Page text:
Grassroots community organisation, People Dem Collective, is reaching out to local ethnic minority communities to learn about their experiences of poor maternity services.
In recent years shocking statistics, such as those highlighted by Five X More which revealed Black women were five times more likely to die during childbirth have come to light. While this stat has reduced slightly to four times more, it is still no less shocking.
The NHS has pledged action and committed to learn more about the poorer maternity and health service experienced by Black, Asian, and ethnic minority communities and Eastern European backgrounds, whose outcomes tend to be worse.
Who better to ask the questions than a grassroots community led by the people who they are looking to speak to? People Dem Collective, a Community Interest Company (CIC) based in Margate, Kent has accepted a commission by the NHS in Kent and Medway to do a ‘deep dive’ into the community to seek real-life experiences of poor health outcomes to inform changes and improvements to the health system.
People Dem Collective (PDC), in their own words, are all about facilitating “systemic change, promoting healing and continuing the work of our ancestors by elevating the presence, work and visibility of people from Black, Brown and Diaspora communities.” The organisation was formed due to a lack of space, engagement and inclusion for these communities in mainstream dialogues. Taking on this commission from the local NHS in Kent and Medway leans into their mission for inclusion and transformation of existing repressive systemic structures.
Explaining why they commissioned this work, the local NHS in Kent said: “We know ethnic minority communities and Eastern European backgrounds have poorer experiences of maternity services and their health outcomes tend to be worse. We want to listen to communities and involve them in developing a perinatal equity and equality action plan. The overall objective is to reduce maternity inequities and health inequalities for families.”
The details of the commission involves a series of small focus groups, a survey, and a creative workshop. Kelly Abbott, co-founder and director of People Dem Collective said: “Our approach to this piece of work is to have ‘contained’ conversations to encourage and support members of Black and Brown diaspora to have these conversations.”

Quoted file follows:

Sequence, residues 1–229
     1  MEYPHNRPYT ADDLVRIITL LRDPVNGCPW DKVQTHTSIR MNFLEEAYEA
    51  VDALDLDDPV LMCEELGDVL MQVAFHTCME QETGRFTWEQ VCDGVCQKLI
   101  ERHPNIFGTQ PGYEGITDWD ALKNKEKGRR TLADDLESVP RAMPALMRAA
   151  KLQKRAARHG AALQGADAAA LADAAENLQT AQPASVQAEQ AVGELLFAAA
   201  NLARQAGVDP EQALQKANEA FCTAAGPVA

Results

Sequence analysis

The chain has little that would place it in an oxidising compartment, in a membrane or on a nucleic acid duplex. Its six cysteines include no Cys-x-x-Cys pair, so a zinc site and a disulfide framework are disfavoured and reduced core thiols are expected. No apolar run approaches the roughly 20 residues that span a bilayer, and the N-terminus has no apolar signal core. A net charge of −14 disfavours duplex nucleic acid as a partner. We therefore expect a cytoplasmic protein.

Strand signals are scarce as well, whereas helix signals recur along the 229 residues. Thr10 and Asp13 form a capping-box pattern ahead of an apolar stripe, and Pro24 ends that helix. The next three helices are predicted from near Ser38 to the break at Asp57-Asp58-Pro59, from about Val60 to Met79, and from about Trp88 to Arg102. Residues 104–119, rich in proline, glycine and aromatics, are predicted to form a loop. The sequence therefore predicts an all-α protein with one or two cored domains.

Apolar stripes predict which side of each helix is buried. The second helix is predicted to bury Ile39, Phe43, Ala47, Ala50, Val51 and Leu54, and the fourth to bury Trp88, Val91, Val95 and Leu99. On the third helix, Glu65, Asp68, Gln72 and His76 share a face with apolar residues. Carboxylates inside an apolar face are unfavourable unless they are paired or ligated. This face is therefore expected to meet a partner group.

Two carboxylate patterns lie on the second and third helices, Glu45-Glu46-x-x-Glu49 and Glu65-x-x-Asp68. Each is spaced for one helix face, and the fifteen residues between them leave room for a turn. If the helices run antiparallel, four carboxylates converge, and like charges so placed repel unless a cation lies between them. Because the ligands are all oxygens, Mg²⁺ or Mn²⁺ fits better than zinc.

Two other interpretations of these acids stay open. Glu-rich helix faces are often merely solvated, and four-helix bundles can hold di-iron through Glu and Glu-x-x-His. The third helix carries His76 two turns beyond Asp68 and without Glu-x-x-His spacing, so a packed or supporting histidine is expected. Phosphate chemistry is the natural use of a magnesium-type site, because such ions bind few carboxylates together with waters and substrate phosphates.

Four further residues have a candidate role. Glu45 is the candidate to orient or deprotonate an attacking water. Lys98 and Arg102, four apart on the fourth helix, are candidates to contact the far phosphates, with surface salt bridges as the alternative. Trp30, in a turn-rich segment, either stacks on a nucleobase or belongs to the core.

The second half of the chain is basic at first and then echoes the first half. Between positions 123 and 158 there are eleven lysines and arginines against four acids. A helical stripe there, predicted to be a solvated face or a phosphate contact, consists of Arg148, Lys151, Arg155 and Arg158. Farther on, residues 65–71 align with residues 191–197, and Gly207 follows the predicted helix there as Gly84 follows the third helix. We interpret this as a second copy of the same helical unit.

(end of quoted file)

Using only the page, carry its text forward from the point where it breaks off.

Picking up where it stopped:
The focus groups will be accompanied by the survey, in the hope that the supported environment will facilitate more honest and detailed answers to the questions asked. The events will be catered, to create an environment which culturally people are used to. PDC sees the breaking of bread and communality as important when asking people to give of themselves, as it safeguards those taking part and ensures they are not harmed in the process but instead benefit from a healing element by being involved.
Additionally, artist Catherine Chinatree will be running the creative workshop, which will document the legacy of the conversations that have taken place to provide a final creative outcome, which PDC can share with the NHS.
In order to reach this wide and varied audience, PDC are working with two connectors from the Black and Roma diaspora to reach women in specific communities. They will be supported by people they know and are comfortable with when talking about one of the most vulnerable and personal things a birthing person can go through.
Victoria Barrow Williams, co-founder and director of People Dem Collective said: “We see this project as vital and integral in our mission to dismantle systemic racism, as well as highlight the individual stories of those caught up in inequalities which have left them harmed and disadvantaged by a service whose ideals are to help all equally. This piece of work will allow us to be the voice for these communities, whilst assisting the NHS to make a real and meaningful change.”
Learn more about the People Dem Collective. Visit their website.